Stepan is New York's top centerman and he tied for the club lead with 40 assists last season. Derick Brassard is capable of replacing Stepan's production on the top unit, but the domino effect could put the defending Eastern Conference champions in a tough situation to begin the season.

Dominic Moore, who was very effective as a fourth-line pivot for New York last season, was thought to be a stretch at the No. 3 center spot and now may be forced to play on the second line. Of the remaining centerman at New York's camp, Matthew Lombardi (536 career games) is the only guy with a wealth of NHL experience. J.T. Miller and Chris Mueller have played in 102 combined contests, while Oscar Lindberg and Kevin Hayes have yet to skate at the NHL level.

The good news for Rangers head coach Alain Vigneault is the strength of his team still resides in the club's deep blue line and the steady play of star goaltender Henrik Lundqvist. Additionally, the club is still littered with offensive weapons up front. Martin St. Louis and Rick Nash provide a veteran scoring presence and young speedsters Chris Kreider and Carl Hagelin can push the pace of a game into overdrive. Stepan's loss hurts, but not having him for a few months shouldn't completely derail the Blueshirts season.

Last, and seemingly least likely to weather the injury storm, are the Hurricanes. Carolina finished 10 points behind the Red Wings for the last playoff spot in the East last season, and were counted as a long shot to make the postseason in 2014-15 before Staal's broken leg.

Staal, younger brother of Carolina top centerman Eric Staal, is a lesser offensive talent than his more famous sibling, but he does play a valuable defensive role on the second line while also driving puck possession.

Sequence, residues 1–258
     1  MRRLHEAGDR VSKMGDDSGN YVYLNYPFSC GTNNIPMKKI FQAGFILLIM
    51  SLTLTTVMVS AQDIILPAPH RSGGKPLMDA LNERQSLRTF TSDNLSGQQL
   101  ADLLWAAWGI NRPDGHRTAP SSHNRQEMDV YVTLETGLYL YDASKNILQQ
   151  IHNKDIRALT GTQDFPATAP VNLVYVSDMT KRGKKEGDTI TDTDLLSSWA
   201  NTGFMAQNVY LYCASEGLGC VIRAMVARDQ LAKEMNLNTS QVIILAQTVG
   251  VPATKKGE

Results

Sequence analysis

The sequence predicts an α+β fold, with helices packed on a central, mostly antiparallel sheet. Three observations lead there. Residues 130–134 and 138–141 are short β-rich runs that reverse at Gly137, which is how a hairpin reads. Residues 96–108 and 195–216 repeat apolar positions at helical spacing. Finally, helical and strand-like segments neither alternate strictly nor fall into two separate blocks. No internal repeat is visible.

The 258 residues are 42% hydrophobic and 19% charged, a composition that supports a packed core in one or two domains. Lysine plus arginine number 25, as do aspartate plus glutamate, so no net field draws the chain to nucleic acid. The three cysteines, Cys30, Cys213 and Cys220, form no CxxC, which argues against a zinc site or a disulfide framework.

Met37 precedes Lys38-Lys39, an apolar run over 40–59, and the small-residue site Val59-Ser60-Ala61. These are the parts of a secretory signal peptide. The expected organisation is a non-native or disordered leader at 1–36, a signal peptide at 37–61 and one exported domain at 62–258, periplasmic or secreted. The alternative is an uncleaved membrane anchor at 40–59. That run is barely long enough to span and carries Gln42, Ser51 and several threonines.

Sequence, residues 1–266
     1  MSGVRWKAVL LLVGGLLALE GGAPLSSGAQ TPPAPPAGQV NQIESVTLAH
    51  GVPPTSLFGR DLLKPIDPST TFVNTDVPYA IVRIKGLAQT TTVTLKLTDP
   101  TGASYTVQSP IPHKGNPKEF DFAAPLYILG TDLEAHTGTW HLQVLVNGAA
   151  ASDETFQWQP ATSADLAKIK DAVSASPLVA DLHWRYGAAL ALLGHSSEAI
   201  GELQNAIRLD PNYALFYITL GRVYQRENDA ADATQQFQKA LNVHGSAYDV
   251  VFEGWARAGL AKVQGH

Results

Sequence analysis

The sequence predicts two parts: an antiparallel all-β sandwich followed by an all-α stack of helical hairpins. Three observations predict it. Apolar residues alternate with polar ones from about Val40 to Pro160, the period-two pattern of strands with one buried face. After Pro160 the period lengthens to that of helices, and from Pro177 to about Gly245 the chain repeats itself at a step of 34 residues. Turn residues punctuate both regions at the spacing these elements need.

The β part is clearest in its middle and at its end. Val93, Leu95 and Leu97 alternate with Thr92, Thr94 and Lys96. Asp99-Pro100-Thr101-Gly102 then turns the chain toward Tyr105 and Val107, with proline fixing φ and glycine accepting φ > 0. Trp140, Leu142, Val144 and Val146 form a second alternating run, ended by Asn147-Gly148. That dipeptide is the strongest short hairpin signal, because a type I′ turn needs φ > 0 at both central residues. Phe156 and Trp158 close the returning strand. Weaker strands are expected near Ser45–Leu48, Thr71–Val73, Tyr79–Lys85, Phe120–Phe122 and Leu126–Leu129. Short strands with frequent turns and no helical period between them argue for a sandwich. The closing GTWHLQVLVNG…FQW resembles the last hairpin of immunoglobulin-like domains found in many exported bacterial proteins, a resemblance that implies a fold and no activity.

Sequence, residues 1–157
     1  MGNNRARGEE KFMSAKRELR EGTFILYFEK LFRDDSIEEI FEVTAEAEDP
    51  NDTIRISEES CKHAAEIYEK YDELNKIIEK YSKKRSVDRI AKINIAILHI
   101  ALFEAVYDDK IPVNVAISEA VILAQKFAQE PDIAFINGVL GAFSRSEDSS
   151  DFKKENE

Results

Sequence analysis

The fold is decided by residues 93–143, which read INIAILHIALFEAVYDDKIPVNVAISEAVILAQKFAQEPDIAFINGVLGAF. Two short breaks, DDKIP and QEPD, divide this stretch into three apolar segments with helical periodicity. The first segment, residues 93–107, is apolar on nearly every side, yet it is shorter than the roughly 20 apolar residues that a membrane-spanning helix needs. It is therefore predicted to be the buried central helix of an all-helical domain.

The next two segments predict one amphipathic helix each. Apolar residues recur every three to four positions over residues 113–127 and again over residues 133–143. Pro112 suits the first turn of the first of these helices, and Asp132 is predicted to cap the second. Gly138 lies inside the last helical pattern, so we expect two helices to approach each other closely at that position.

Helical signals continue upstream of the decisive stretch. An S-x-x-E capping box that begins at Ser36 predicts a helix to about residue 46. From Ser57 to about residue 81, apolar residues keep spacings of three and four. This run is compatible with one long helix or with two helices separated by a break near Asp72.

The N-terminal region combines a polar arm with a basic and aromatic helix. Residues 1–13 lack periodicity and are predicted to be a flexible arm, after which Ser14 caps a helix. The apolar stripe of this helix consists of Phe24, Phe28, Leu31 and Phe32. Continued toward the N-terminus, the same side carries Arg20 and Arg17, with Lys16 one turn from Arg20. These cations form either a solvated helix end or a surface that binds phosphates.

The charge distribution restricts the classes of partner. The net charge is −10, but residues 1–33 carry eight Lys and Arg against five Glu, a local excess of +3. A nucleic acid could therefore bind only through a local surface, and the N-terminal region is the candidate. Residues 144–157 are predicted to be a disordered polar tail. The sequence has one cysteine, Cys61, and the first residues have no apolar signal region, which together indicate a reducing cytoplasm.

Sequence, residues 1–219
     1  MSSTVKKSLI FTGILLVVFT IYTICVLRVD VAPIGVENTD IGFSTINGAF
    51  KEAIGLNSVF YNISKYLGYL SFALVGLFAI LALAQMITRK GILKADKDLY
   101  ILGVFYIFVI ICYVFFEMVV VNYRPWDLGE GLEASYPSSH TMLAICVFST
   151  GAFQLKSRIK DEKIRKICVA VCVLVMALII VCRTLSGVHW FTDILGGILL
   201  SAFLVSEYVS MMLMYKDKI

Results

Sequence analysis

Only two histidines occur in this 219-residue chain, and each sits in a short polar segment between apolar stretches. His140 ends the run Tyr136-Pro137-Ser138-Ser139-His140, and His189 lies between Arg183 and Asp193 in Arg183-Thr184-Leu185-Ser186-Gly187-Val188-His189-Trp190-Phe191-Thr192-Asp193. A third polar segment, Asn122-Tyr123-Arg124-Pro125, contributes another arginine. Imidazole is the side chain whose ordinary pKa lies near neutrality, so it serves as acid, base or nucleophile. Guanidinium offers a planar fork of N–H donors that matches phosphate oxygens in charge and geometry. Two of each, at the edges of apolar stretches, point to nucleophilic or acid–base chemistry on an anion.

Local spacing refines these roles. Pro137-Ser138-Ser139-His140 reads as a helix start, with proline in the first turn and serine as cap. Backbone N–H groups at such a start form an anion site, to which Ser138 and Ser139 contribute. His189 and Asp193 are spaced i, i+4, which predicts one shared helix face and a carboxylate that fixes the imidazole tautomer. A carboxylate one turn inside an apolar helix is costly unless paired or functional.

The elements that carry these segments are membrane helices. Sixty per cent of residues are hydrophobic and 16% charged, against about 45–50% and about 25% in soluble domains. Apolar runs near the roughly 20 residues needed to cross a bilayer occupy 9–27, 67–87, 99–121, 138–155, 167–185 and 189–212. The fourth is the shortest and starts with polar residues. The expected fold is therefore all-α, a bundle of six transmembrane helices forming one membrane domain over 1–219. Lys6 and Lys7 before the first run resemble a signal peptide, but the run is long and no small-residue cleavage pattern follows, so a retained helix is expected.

The 'Canes now may be forced to use Elias Lindholm, a 19-year-old rookie, at center on the second line. Lindholm, the fifth overall pick of the 2013 draft, is talented but the increased role could prove to be more than the young Swede can handle. It's a lot to ask of Lindholm, who was originally going to be used as a winger this season before Staal was injured.

There is hope Riley Nash, another former first-round pick, is capable of taking on the third-line spot because that would allow veteran Jay McClement to skate on the fourth line as Carolina had initially planned.

Of course, all these clubs could choose to pull off a trade or bring in an unsigned free agent to fill the voids left by injury. Of the three teams it seems the Rangers would be the most likely candidate to take the aggressive approach to solving their depth problems, and even they may not be able to throw money at the problem due to having a limited amount of cap space.

Perhaps the best approach for teams dealing with preseason injuries is to lay off the panic button and take a closer look at the guys who are still around. While it's not ideal to lose players before the games start to count, it does serve as a reminder that the long and difficult road of a NHL season is full of surprises.

Sometimes the surprises are good, but more often they are problems in need of solving. We'll have to wait for the start of the regular season to see if anybody in Carolina, Detroit or New York has the right answers.